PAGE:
Our Values & Diversity, Equity, and Inclusion (DEI)


C4RJ carries out all of our commitments -- both within our organization and in our work in communities -- with C.A.R.E.

  • Collaboration – We collaborate in all we do both internally between the Board, Executive Director, staff, and volunteers and externally through our circle process and in our partnerships with various stakeholders in the Justice System.  We work to bring people together to promote restorative justice whenever possible.

  • Accountability – We work to promote accountability at all levels within the organization and in executing restorative justice practices.  When harm is done, we are responsible to ensure that victims are served in a safe and caring way and responsible parties are held accountable for their actions.

  • Respect – We treat all members of our organization with respect.  Through our circle process we promote respectful exchanges and preserve the dignity and humanity of all who are involved

  • Effectiveness – We are committed to providing the necessary resources to ensure an effective, quality driven process that gives victims a voice, reduces recidivism, holds responsible parties accountable, and increases feelings of public safety in our communities.  Our commitment to quality outcomes will direct our decision making process.  

Restorative Justice is About Diversity, Equity, and Inclusion (DEI)

The concepts of diversity, equity, and inclusion are embedded within restorative practices, which proceed from the belief that everyone holds a piece of the truth. C4RJ embraces diversity, equity, and inclusion as the way to fully realize our values.

Diversity. The quality of the circle is improved by hearing different perspectives flowing from the lived experiences of each participant. In our model, this starts with the victim, offender, police, and community perspectives. So often resolution comes only after each stakeholder shares how the crime affected them. 

Equity. Our common humanity is the starting point of restorative practice. People have distinct roles in a circle, none more important than others. The circle process fosters respect for the dignity of all. In a circle, we take turns, listen deeply, and do not interrupt, cultivating trust and promoting fairness.

Inclusion. By their nature, restorative justice circles include parties affected and their views. We work hard to overcome barriers, for example by including interpreters when necessary. The circle as a whole crafts the agreement that will resolve the case, however many rounds of discussion are needed to come to consensus. 

C4RJ’s Commitment to Social and Racial Justice

At Communities for Restorative Justice, we bring people into courageous conversations that center the voices of those who have been affected by harm and those who have caused harm. When those voices have historically been marginalized, it is even more important that they be elevated and heard.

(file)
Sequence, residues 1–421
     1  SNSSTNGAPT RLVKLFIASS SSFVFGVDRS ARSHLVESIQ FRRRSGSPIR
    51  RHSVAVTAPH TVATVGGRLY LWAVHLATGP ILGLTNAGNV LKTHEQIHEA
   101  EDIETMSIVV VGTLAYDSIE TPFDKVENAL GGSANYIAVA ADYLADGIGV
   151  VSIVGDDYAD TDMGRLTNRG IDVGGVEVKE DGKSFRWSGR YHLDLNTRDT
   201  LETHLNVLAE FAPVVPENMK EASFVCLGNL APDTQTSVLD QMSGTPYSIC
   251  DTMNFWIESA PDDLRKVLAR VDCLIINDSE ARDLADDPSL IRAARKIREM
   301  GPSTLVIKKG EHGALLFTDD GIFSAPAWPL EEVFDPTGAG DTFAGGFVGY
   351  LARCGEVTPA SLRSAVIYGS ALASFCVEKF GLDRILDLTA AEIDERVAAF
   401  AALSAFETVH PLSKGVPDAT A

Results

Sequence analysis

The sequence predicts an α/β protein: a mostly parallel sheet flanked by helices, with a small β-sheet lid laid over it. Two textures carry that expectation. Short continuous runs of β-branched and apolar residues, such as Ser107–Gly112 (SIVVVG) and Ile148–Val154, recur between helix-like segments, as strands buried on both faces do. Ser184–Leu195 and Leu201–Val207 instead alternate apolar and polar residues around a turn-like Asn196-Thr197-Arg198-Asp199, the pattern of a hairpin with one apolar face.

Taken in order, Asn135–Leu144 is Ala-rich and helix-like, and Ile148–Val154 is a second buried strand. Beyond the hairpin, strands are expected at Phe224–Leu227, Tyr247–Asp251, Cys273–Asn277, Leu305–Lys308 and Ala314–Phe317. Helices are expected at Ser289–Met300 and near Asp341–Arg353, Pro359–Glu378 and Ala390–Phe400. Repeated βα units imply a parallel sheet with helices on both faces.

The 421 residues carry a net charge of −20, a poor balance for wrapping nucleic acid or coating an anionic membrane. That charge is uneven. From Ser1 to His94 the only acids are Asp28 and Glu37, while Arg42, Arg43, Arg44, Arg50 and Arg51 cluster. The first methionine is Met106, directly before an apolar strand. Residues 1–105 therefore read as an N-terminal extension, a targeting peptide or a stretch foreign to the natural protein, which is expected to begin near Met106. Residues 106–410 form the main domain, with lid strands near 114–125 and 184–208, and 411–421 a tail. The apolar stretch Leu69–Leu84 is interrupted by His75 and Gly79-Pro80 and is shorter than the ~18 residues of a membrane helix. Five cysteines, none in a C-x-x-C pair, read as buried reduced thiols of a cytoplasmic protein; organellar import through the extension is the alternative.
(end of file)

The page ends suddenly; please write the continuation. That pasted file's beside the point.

Our restorative practice seeks to repair the harms that occur within communities in ways that respect the dignity and humanity of all participants. We acknowledge with gratitude and respect the Indigenous roots of the principles of this restorative practice, which affirm the common humanity of all. Racism is a denial of this humanity, and is antithetical to our organizational values.

Communities for Restorative Justice condemns police brutality and systemic racism. We stand firmly against violence and the threat of violence against Black, Indigenous, and People of Color. We denounce police violence and call for an end to the deeply-entrenched racial disparities within our judicial system. We are committed to disrupting patterns of mass incarceration and to supporting systemic change in our criminal legal system by promoting restorative practices.

Racism, and particularly anti-Black racism, is systemic and pervasive. Dismantling systemic racism is all our responsibility, and much more is required of those individuals and organizations that have benefited from white privilege. We recognize that as an organization with primarily white leadership and volunteer base, we have a long way to go to live up to our values.

Communities for Restorative Justice affirms our commitment to being anti-racist at all levels of our organization. We acknowledge our responsibility to ensure that the lived experience of our volunteers, staff, and Board of Directors reflects the diverse communities we serve. 

We commit to prioritizing and evaluating our work to:

  • train circle keepers to identify power imbalances and to guide our circles to uplift marginalized perspectives.
  • ensure that our circles are welcoming and supportive of people of all racial, socio-economic, and ethnic backgrounds
  • analyze and monitor any racial disparities in our programs.
  • remove financial, language and other barriers to our services. 
  • strengthen partnerships in communities of color, and develop leadership teams that come from the communities they serve. 
  • recruit more people with lived experience of the criminal legal system, including returning citizens, into leadership roles.
  • provide resources to support our volunteers and staff to work towards racial justice. 

As C4RJ continues our mission to provide transformative approaches to conflict, we must take these meaningful steps to create a more diverse, equitable, and inclusive organization. We can do better, and we will do better as we live out our mission, vision, and values.